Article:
There are two types of pairwise alignments: local and global alignments.
A local alignment is an alignment of two sub-regions of a pair of sequences. This type of alignment is appropriate when aligning two segments of genomic DNA that may have local regions of similarity embedded in a background of a non-homologous sequence.
A global alignment is a sequence alignment over the entire length of two or more nucleic acid or protein sequences. In a global alignment, the sequences are assumed to be homologous along their entire length.
In order to align a pair of sequences, a scoring system is required to score matches and mismatches. The scoring system can be as simple as “+1” for a match and “-1” for a mismatch between the pair of sequences at any given site of comparison. However substitutions, insertions and deletions occur at diﬀerent rates over evolutionary time. This variation in rates is the result of a large number of factors, including the mutation process, genetic drift and natural selection. For protein sequences, the relative rates of diﬀerent substitutions can be empirically determined by comparing a large number of related sequences. These empirical measurements can then form the basis of a scoring system for aligning subsequent sequences. Many scoring systems have been developed in this way. These matrices incorporate the evolutionary preferences for certain substitutions over other kinds of substitutions in the form of log-odd scores. Popular matrices used for protein alignments are BLOSUM and PAM1 matrices.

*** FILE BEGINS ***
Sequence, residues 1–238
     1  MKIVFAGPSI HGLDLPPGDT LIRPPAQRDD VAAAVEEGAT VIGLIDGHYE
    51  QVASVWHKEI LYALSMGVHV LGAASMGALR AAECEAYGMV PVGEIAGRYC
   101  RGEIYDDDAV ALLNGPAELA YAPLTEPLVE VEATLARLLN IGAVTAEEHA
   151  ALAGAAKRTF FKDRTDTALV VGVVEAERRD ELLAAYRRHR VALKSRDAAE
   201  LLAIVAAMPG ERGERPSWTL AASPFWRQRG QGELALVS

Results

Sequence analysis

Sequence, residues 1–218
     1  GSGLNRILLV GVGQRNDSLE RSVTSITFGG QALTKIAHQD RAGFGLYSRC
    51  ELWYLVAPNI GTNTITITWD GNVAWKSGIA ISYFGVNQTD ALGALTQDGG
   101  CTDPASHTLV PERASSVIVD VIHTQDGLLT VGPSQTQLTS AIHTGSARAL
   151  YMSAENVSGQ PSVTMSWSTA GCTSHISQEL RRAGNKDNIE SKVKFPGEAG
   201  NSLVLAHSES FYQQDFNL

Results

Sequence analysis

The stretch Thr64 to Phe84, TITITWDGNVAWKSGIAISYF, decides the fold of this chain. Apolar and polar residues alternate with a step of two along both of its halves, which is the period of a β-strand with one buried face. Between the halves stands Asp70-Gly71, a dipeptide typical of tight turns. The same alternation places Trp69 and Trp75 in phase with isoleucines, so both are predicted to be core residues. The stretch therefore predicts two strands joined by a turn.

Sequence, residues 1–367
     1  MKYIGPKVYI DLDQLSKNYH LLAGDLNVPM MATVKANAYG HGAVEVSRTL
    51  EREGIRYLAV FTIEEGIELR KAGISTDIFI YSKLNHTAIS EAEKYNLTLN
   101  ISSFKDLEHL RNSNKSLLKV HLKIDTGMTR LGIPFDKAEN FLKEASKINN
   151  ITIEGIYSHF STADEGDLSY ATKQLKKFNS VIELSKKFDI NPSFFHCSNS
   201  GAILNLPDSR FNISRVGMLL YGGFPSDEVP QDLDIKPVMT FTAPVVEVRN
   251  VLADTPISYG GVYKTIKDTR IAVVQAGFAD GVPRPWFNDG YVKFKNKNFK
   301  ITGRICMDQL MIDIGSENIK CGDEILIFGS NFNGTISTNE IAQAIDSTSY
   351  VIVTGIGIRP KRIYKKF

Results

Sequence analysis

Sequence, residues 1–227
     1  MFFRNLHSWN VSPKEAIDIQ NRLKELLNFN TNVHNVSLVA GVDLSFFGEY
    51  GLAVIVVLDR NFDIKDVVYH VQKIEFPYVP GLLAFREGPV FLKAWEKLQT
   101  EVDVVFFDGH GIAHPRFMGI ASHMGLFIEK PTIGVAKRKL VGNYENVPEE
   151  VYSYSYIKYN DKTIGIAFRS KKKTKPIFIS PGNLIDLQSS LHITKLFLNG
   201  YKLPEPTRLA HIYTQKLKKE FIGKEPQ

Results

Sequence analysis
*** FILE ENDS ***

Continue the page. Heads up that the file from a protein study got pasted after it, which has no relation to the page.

Note: The BLOSUM and PAM matrices are substitution matrices. The number of a BLOSUM matrix indicates the threshold (%) similarity between the sequences originally used to create the matrix. BLOSUM matrices with higher numbers are more suitable for aligning closely related sequences. For PAM, the lower numbered tables are for closely related sequences and higher numbered PAMs are for more distant groups.
When aligning protein sequences in Geneious, a number of BLOSUM and PAM matrices are available.
Once a scoring system has been chosen, we need an algorithm to ﬁnd the optimal alignment of two sequences. This is done by inserting gaps in order to maximize the alignment score. If the sequences are related along their entire sequence, a global alignment is appropriate. However, if the relatedness of the sequences is unknown or they are expected to share only small regions of similarity, (such as a common domain) then a local alignment is more appropriate.
An eﬃcient algorithm for global alignment was described by Needleman and Wunsch 1970, and their algorithms was later extended by Gotoh 1982 to model gaps more accurately. For local alignments, the Smith-Waterman algorithm is the most commonly used. See the references at the links provided for further information on these algorithms.
Like a dot plot, a pairwise alignment is comparison between two sequences with the aim of identifying which regions of two sequences are related by common ancestry and which regions of the sequences have been subjected to insertions, deletions, and substitutions.
To run a pairwise alignment in Geneious Prime, select the two sequences you wish to align and choose Align/Assemble → Pairwise align.... The options available for the alignment cost matrix will depend on the kind of sequence.
The score of a pairwise alignment is:
matchCount × matchCost + mismatchCount × mismatchCost
For each gap of length n, a score of gapOpenPenalty + (n− 1) ×gapExtensionPenalty is subtracted from this.
When doing a Global alignment with free end gaps, gaps at either end of the alignment are not penalized when determining the optimal alignment. This is especially useful if you are aligning sequence fragments that overlap slightly in their starting and ending positions, e.g. when using two slightly diﬀerent primer pairs to extract related sequence fragments from diﬀerent samples. You can also do a Local Alignment if you want to allow free end overlaps, rather than just free end gaps in one alignment.